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NASA has forced the retraction of an important science paper researching the damage to vision for astronauts on long spaceflights because of a concern the privacy of the astronauts might be violated.
According to the first author, the paper included information that could identify some of the astronauts that took part in the study — namely, their flight information. Although the author said he removed the identifying information after the paper was online, NASA still opted to retract it. But a spokesperson at NASA told us the agency did not supply the language for the retraction notice. The journal editor confirmed the paper was retracted for “research subject confidentiality issues,” but referred a question about who supplied the language of the notice back to NASA.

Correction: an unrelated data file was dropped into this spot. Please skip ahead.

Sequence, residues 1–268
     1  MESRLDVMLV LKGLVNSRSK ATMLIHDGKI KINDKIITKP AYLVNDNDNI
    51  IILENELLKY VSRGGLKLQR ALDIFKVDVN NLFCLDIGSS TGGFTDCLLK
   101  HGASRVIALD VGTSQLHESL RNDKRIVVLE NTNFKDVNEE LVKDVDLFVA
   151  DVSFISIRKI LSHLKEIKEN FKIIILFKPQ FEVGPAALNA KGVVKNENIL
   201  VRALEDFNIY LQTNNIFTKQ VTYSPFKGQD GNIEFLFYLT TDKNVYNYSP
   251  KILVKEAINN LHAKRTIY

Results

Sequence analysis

…According to first author Noam Alperin of the University of Miami Miller School of Medicine in Florida, the paper “Role of Cerebral Spinal Fluid in Space Flight Induced Ocular Changes and Visual Impairment in Astronauts” showed that visual damage caused by long space flights resulted from tiny shifts in the volume of spinal fluid — not vascular changes, as many experts had previously thought.
Protecting the health privacy of the astronauts is something NASA and the doctors that work with them are legally required to do. However, in this case the paper had been scrubbed of this information a long time ago. To force its retraction now when the actual. research was valid and important and the privacy of the astronauts was now protected seems an over reaction to me. Then again, NASA might be under legal pressure from the astronauts themselves, and thus forced to act.